Cicada Hijinks Are an American Tradition

The story sounds ridiculous, but it’s true: A man in Ohio recently drove his car into a utility pole after a cicada flew through his open window and smacked into his face. He was fine! The car, not so much.

The Brood X cicadas have certainly made their presence known over the past several weeks: their ceaseless screeching from the treetops, their slow, meandering manner of flying around, sometimes right into us. Last week, a plane carrying journalists who were accompanying President Joe Biden on his trip to Europe was delayed for more than five hours at a Virginia airport because of “mechanical problems caused by the cicadas.” Biden himself was not spared; standing on the tarmac before boarding his own plane, the president discovered a cicada crawling on his neck and swatted it away.   

Strange cicada-related encounters seem to occur with every 17-year emergence of Brood X, as clockwork as the invasion itself, according to Gaye Williams, an entomologist at the Maryland Department of Agriculture. Williams keeps a file drawer full of quirky cicada tales going back to 1987. She has spent the past several weeks getting to know the cicadas in her backyard, taking decibel readings of their constant buzzing, and trying to stop her dog, Penelope, from gorging on the bugs. “All these animals want to do is what we want to do: They want to grow up, party, have kids,” Williams told me. I get it! But when they’re here, they’re everywhere. The sheer numbers are a great survival strategy for the species—with so many cicadas out all at once, predators can’t catch them all—but they’re also a recipe for weird run-ins with humans. And there are plenty of stories to prove it.

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Drivers like the man in Ohio are especially susceptible to cicada hijinks. In 1987, a man in Virginia also slammed his car into a utility pole after a cicada flew into his face. He wasn’t injured, but the incident caused $20,000 in damage and temporarily knocked out power to 50 homes, according to a Washington Post story from that year. In 2004, a similar intrusion caused a woman in Baltimore to crash her car into a fire hydrant. In her attempts to swat the bug away, the woman told The Washington Times, “I took both hands off the steering wheel.” She was unharmed, and the crash’s only victims were a couple of the neighbors’ flowers, which were washed away by the water spraying from the destroyed hydrant.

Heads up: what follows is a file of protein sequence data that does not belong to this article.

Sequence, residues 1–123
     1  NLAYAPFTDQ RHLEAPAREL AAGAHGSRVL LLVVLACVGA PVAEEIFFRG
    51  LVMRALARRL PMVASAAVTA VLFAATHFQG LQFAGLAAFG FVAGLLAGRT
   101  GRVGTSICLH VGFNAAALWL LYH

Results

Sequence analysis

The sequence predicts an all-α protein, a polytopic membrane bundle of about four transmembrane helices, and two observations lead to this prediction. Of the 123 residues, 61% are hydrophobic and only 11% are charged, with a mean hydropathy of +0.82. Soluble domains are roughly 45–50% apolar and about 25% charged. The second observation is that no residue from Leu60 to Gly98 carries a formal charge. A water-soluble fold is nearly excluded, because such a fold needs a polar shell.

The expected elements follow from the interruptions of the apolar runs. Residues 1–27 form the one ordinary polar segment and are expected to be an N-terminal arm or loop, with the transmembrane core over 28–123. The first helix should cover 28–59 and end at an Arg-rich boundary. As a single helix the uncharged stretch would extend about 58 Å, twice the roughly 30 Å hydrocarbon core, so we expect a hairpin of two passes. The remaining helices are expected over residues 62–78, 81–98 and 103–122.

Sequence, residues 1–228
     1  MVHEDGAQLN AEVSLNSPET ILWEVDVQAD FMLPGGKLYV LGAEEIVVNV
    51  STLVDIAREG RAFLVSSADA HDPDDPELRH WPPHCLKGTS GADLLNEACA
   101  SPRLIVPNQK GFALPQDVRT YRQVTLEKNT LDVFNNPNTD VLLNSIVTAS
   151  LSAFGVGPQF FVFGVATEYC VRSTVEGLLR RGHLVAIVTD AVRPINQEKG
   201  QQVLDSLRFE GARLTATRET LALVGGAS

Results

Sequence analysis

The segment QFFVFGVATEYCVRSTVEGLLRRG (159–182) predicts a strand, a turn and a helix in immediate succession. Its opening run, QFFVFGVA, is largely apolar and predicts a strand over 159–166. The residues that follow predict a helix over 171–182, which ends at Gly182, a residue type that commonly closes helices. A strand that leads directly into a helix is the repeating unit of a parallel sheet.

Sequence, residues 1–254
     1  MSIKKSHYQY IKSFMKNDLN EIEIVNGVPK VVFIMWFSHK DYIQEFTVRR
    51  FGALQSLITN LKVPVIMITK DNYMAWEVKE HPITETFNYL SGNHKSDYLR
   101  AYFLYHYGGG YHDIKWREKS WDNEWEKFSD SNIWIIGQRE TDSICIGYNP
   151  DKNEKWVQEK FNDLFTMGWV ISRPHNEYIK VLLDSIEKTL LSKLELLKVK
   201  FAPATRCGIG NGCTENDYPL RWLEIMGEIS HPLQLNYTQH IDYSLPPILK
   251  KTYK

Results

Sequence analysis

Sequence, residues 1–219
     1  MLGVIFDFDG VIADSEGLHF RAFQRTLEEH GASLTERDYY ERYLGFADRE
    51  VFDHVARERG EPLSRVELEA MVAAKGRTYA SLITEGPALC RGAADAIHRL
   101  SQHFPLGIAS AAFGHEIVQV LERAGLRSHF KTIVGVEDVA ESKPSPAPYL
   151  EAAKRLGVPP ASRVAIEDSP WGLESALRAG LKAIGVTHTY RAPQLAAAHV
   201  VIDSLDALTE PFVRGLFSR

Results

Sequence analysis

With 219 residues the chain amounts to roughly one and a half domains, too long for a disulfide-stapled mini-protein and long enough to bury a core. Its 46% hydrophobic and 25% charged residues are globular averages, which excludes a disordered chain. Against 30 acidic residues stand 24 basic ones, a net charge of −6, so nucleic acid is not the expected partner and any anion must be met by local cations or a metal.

And then there are the self-owns. In 1987, the Chicago Tribune described a rash of cicada-related accidents among, as the reporter put it, “the youths”: One youngster who tried to squash a cicada under the tire of a slowly moving car ended up getting his hand run over, and another who tried to swing a baseball bat at one of the bugs hit a friend instead. One youngster “attempted to stab a cicada with a pocket knife and accidentally stabbed” someone else.

At every emergence, people become intrigued enough by cicadas to eat them—hey, free source of protein!—and sometimes take their curiosity too far. In 2004, a man in Indiana broke out in head-to-toe hives after consuming nearly 30 cicadas. When he showed up to a clinic, he “sheepishly told a doctor he’d caught and ate the cicadas after sauteing them in butter with crushed garlic and basil,” according to the Associated Press. Doctors treated him with antihistamines and sent him home later that day. It turned out that the man had a shellfish allergy, which was a problem because cicadas are a distant relative of shrimp and lobsters. Earlier this month, as cicada recipes popped up across the internet, the FDA warned people with seafood allergies to keep the bugs off their plate.

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Sometimes cicada hijinks get downright absurd. In 1987, two men burst into a Cincinnati restaurant and thrust a single cicada at the cashier. Grossed out by the bug, she fled. When she returned, she found that the register was missing $25. So far, this year has had no reports of cicada incidents quite that wild, and the window is closing. The insects are already dying off, their long-awaited task complete, and in early July, Brood X will disappear once again. The eggs they burrowed into tree branches will eventually transform into nymphs and fall to the ground, beginning their journey into the depths for their own 17-year wait. We will file away the absurd stories from our shared existence this summer, ready to resurface them during the next emergence, when—if history is any indication—new hijinks are bound to happen. The cycle—theirs, a loud act of survival; ours, a loud act of trying to swat them away—will continue.

Some of us might try to ask future generations to learn from our mistakes; in 1970, after students at a Baltimore school were bombarded by cicadas during their outdoor graduation ceremony, the headmistress wrote a letter to future school officials—“To whom it may concern in June 1987,” it began—asking them to keep things indoors next time. If this summer’s frazzled drivers could warn people in 2038, they’d probably advise them to roll up their windows.